Inspiration

For the past several years I have operated a variety of deception operations, including several flavours of honeypot. I've always struggled with being able to find an off-the-shelf solution that meets my analytic requirements, or have found potential solutions having flaws that - over time - deemed them impractical.

During the NZ lockdown I was faced an opportunity to learn more about Azure Sentinel to meet growing customer demand for it, so I began my learnings by onboarding several hosts to my Sentinel instance where I'd set up the parser, workbooks and analytics rules from the Sentinel ATT&CK project. It was this project that very quickly inspired me to migrate my honeypots from a basic ELK stack to Sentinel.

What it does

The solution consists of two main components:

  • Windows honeypot workbook: this ingests Windows security, IIS and sysmon logs to report on authentication, user and system events.
  • Linux honeypot workbook: this ingests JSON logs from the Cowrie SSH+telnet honeypot and access logs from a Dockerised Apache server via custom parsers to report on authentication, user, system and web activity.

Key data points can be further analysed via parameters in the workbook, meaning analysts don't need to jump between several workbooks to make multiple queries to answer questions.

Build documentation accompanies both workbooks to ensure that honeypots are set up and managed in a safe manner, so not to expose their operator to any undue risk.

How I built it

Workbooks: I began by listing the insights I wanted to make (e.g. geographic trends, new RDP and web exploits) and what data that would serve as valuable intelligence. Based on this I determined what event types had to be collected, what the relationships between event types were and what workflow could be developed. For example: a successful authentication involves an account signing on and therefore that account name is a parameter that can be used to filter sysmon events.

Parser: Once I discovered how to ingest the Cowrie JSON log I generated a spectrum of events by interacting with the honeypot. I gathered one of each event type and mapped out their key values, resulting in a list of required event definitions. I certainly ran into some challenges with this one that I'll describe below.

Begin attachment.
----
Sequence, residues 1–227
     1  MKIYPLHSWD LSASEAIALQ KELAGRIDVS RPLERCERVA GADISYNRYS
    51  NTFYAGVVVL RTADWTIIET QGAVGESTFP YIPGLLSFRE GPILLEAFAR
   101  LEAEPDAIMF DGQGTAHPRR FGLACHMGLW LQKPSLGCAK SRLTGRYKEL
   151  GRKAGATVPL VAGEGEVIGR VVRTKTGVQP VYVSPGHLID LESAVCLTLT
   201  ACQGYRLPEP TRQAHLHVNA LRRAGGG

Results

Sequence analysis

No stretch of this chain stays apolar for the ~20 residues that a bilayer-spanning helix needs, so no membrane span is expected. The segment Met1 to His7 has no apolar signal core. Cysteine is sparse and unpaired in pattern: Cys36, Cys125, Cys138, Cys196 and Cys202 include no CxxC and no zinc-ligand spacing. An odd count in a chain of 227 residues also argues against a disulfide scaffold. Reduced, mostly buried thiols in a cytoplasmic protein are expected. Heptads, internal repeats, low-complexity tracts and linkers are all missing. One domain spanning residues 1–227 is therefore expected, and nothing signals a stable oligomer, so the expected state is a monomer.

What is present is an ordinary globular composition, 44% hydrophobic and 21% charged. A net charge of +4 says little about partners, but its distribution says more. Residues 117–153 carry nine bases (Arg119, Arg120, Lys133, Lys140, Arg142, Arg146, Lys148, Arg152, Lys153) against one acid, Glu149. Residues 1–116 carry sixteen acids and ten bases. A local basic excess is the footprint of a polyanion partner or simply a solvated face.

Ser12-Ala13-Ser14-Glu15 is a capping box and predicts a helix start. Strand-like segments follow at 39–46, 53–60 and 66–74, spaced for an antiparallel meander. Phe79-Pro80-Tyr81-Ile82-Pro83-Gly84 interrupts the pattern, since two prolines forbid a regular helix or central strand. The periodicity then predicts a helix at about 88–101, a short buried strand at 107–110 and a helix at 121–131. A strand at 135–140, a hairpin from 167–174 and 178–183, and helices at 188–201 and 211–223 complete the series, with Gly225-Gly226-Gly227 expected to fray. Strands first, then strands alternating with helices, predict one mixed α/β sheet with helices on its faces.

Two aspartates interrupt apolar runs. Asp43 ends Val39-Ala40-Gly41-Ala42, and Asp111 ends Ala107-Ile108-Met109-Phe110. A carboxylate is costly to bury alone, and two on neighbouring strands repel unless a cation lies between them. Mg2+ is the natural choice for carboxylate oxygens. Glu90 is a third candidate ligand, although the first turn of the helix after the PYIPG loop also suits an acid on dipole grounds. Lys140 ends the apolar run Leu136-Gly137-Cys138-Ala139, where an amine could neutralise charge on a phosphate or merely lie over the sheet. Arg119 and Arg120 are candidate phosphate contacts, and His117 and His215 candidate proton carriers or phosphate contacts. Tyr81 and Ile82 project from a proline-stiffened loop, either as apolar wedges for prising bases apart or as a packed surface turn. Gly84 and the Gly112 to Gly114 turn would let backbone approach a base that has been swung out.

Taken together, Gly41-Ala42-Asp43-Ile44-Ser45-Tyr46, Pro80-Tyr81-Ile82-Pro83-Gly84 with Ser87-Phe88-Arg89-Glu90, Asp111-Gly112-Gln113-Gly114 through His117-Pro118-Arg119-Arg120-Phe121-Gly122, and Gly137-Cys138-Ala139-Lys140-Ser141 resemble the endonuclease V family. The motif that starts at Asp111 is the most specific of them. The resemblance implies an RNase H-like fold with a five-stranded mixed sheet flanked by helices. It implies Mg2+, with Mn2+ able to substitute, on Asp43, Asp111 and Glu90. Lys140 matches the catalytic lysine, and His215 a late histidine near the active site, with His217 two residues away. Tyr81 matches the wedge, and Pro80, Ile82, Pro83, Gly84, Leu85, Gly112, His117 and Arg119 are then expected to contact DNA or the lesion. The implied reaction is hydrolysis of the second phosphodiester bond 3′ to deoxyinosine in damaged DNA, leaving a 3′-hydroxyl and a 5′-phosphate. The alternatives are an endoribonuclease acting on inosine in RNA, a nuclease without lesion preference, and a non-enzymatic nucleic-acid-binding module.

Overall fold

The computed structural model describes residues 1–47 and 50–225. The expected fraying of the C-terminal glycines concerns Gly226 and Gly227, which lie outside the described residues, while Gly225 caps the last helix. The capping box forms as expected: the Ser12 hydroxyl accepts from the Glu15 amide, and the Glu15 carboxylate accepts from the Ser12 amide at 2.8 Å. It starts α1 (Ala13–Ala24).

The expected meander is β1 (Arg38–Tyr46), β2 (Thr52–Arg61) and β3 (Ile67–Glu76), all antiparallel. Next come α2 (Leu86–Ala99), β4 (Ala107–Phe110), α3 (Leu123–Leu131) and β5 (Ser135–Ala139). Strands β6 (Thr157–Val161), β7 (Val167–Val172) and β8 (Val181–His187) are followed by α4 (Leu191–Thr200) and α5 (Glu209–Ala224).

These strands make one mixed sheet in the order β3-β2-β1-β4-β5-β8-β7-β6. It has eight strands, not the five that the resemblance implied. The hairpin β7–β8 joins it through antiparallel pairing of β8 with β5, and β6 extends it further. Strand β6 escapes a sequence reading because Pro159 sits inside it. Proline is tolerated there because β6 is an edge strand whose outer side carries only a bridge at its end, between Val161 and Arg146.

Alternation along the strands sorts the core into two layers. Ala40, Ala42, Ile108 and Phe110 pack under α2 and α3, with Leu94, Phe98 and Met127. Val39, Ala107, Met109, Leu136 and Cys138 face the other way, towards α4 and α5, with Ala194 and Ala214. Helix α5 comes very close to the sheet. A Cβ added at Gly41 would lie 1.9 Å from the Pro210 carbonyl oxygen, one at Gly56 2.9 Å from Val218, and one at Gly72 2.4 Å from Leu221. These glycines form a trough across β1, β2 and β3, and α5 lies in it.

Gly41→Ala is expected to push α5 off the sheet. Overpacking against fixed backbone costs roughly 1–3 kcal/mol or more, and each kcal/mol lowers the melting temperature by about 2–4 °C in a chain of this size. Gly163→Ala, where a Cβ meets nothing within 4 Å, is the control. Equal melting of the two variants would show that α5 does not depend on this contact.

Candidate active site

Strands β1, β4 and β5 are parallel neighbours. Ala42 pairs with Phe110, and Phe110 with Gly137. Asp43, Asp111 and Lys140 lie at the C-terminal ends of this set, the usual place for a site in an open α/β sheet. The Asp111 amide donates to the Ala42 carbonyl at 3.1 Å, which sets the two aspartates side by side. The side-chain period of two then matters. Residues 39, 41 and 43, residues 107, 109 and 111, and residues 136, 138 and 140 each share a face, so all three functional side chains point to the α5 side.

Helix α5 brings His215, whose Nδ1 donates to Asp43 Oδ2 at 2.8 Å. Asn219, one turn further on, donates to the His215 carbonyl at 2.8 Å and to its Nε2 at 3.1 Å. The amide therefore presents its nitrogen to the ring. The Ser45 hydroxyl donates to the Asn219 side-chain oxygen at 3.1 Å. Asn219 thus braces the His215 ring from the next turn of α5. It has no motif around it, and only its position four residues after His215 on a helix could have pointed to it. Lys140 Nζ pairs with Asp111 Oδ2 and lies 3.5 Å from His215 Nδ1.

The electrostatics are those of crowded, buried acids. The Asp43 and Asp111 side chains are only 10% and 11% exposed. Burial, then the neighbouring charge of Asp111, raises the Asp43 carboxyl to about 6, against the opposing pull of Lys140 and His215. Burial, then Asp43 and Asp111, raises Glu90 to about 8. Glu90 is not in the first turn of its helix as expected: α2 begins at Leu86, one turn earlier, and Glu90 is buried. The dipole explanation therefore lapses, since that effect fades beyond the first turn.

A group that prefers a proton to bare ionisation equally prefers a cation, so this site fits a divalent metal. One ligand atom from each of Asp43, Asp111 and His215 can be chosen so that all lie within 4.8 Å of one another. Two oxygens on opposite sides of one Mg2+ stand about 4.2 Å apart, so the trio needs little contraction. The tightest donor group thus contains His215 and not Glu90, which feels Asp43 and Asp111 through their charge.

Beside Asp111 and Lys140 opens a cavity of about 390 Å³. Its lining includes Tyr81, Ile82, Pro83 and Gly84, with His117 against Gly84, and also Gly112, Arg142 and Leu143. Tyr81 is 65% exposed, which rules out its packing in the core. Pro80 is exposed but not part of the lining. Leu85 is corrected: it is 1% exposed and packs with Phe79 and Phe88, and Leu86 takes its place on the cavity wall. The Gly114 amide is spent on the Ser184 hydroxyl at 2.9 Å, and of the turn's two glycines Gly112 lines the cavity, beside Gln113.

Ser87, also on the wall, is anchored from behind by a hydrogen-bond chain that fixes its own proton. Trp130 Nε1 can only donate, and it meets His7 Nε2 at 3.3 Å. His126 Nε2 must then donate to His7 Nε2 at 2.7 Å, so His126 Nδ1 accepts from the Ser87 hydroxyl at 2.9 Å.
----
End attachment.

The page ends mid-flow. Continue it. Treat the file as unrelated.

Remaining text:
Challenges I ran into

I faced two main challenges:

  • Escaping backslashes in usernames so they can be passed as a value from multi-select dropdowns. While a single value can be easily escaped in the destination query by defining it as a literal (i.e. preceding it with an @ symbol), when multiple values are passed the query is broken if the username is of the format username\domain. This was resolved by escaping the names in the dropdown (as seen in this commit).
  • I wasn't aware that the OMS agent could be configured to tail any log on a system, so spent several hours writing regex to form a parser for Cowrie syslog output. After struggling to consistently parse the logs I turned to Microsoft documentation and learned of the custom log, making parsing much, much easier by allowing me to tail the Cowrie JSON log.

Accomplishments that I'm proud of

I'm very proud that I've achieved what I set out to do in such a short space of time (~1 month), and am yet to encounter something that I've wanted to do that I can't be done. Honeypot reporting is potentially something that Microsoft didn't specifically have in mind when Sentinel was conceived, and I definitely believe this speaks to the flexibility and capability of Azure Sentinel.

What I learned

Prior to this project I had a very loose understanding of how the various components of Sentinel can work together to help develop extremely efficient analyst workflows. Now I have far more confidence to speak to the capability of Sentinel and support this with experience.

What's next for Sentinel Honeypot Reporting

Like most of my projects, both honeypot workbooks will be continually developed. Next I plan to develop accompanying analytics rules and Logic Apps to automatically push custom indicators to:

  • MISP.
  • Firewall and Defender ATP blocklists.

Built With

  • azure-sentinel
  • cowrie
  • sysmon
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